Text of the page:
Astonishing federal involvement
Still, the multipronged government response to date amounts to an astonishing expansion of federal involvement in the economy. But it hasn't been enough to stem the Panic of 2008. Thursday, in its seventh consecutive decline, the Dow sank 679 points to close at 8579. Credit markets, too, remain spooked.
The pervasive lack of confidence saturates the bond market, where a high yield is evidence of elevated fear. Bonds are long-term IOUs issued by corporations. When investors worry that an issuer will default, they demand higher yields, just as banks demand high interest rates from shaky borrowers.
"Wall Street has priced debt instruments in a manner that anticipates the worst recession since the Great Depression," says John Lonski, chief economist for Moody's Investors Service.
Those yields reflect much lower confidence in borrowers than would be customary, even taking into account gloomy forecasts for the economy.
One measure of how great the fear is in the credit market is the difference in yield between high-quality, investment-grade industrial bonds and U.S. Treasury securities.
In good times, the yield gap between high-grade bonds and Treasuries is fairly narrow — a percentage point or so. Today, that spread is almost four times as large — 3.89 percentage points. It hasn't been higher since April 1933.
"Trust and confidence are the oil of American capitalism, and the oil is draining out of the system. … Once this cascade begins, the crisis of confidence becomes a panic, a cascade effect where no matter what is done, nobody wants to hold the hot potato," says Richard Peterson, a California psychiatrist and manager of the MarketPsy Capital hedge fund.
Almost a century ago, before the U.S. had a central bank, a lone financier was able to stem a financial panic. In 1907, amid bank runs, sinking stock values and recession, J.P. Morgan jpm gathered the top bankers of the era in the library of his Madison Avenue brownstone and held them there until they agreed to join a financial rescue.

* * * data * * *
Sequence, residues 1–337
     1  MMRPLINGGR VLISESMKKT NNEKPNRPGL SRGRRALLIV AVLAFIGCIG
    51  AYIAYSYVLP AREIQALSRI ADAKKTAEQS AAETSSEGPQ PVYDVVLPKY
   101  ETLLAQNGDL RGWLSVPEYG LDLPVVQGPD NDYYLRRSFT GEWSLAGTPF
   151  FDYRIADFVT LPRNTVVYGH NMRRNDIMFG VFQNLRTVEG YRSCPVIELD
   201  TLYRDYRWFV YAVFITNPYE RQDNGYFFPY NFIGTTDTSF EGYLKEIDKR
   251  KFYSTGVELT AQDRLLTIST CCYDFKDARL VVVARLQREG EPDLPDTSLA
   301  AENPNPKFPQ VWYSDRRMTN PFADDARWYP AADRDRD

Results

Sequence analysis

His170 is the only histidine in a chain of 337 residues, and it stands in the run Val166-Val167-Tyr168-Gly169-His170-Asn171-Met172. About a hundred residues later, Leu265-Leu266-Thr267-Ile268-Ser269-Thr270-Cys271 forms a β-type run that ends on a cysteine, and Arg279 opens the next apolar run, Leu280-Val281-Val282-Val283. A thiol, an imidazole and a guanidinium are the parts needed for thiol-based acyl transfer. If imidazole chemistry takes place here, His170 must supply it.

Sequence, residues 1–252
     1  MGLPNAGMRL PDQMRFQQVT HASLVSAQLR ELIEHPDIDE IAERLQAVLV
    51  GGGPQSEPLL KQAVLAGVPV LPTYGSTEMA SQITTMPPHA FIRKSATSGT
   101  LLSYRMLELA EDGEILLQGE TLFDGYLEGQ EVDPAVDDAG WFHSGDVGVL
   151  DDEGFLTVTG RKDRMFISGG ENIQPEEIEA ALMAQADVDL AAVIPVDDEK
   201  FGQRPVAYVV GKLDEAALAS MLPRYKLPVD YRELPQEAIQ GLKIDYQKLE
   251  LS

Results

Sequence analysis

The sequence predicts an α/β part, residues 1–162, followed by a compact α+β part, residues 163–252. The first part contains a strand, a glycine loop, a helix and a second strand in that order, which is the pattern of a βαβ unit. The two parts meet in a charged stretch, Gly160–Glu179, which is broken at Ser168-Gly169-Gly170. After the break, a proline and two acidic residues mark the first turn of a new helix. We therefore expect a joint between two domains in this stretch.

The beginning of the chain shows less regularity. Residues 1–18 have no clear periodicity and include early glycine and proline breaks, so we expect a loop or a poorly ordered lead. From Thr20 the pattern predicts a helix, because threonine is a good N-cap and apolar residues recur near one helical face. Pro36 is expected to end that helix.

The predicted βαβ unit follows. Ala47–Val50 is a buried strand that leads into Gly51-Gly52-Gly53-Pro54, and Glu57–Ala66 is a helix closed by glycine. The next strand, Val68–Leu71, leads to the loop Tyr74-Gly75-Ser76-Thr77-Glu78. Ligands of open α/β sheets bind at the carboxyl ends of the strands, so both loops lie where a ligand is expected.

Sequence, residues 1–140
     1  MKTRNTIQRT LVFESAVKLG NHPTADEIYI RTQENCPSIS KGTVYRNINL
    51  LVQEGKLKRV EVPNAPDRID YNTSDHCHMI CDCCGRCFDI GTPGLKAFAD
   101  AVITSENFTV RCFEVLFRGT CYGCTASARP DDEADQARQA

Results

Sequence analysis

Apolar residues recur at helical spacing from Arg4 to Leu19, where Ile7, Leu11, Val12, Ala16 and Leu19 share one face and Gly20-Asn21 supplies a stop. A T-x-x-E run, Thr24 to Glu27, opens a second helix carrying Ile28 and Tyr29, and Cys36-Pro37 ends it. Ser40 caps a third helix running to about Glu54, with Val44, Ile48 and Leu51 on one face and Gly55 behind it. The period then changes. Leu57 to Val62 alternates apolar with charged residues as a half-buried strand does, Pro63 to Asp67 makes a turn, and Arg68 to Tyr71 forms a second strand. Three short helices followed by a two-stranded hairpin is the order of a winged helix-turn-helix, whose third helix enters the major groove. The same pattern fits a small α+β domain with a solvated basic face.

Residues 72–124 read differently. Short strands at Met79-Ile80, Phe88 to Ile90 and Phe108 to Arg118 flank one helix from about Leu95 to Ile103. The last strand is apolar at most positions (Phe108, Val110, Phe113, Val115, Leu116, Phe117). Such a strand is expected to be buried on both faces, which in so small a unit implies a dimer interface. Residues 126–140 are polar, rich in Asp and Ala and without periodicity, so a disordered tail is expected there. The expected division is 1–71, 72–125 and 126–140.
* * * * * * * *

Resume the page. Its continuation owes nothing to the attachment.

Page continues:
After auditing the books of one troubled trust company, Morgan issued the verdict that launched the salvage effort and stemmed the panic: "This is the place to stop the trouble then."
Ron Chernow, Morgan's biographer, says, "Morgan was essentially marshalling the resources of the stronger banks to bail out the weaker banks."
Today's crisis is too big and too global for any single investor to thwart. The fabled banker was able to distinguish between the strong and the weak because he had access to the banks' books, which offers a lesson for today's policymakers, according to Chernow.
More information must be disclosed to investors about which banks hold how much in unwanted asset-backed securities. "The fear is universal and indiscriminate. Investors are making the panicky, but understandable, decision that every bank and every insurer in the country is hopelessly contaminated by these mortgage-backed securities," Chernow said.
President's approval rating
Government leaders have been unable to stop the slide in public confidence. President Bush is weeks from leaving office and is at historically low levels of public approval. His Treasury secretary is more widely respected for his financial acumen than for his bully-pulpit skills. The Fed chairman is a soft-spoken academic who lacks the outsized reputation of his predecessor, Alan Greenspan.
Treasury Secretary Henry Paulson has urged Americans to be patient, saying steps already taken will eventually pay off. Laurence Kotlikoff, economics professor at Boston University, agreed, saying, "We've rounded the corner. We're going to get this under control."
But others believe that additional action undoubtedly will be needed to turn the tide. One option would be for the government to guarantee all lending between banks, said Morris Goldstein of the Peterson Institute for International Economics in Washington, D.C. That would eliminate bankers' fears that a commercial borrower might collapse before being able to repay a short-term loan. But it would add another potentially massive liability to the taxpayers' shoulders.
Smick, the author and investment manager, says a global clearinghouse to handle all bank-to-bank transactions should be established with a mix of public- and private-sector capital. That would provide greater transparency than simply a government guarantee of interbank lending, he said.
Meanwhile, as the U.S. struggles to rebuild confidence in its financial system, some critics seem to be enjoying the superpower's plight.
"Trust in the United States as the leader of the free world and the free economy, and confidence in Wall Street as the center of that trust, has been damaged, I believe, forever," Russian Prime Minister Vladimir Putin said during a Communist Party meeting in Moscow. "There will be no return to the previous situation."
Contributing: Kevin McCoy and John Waggoner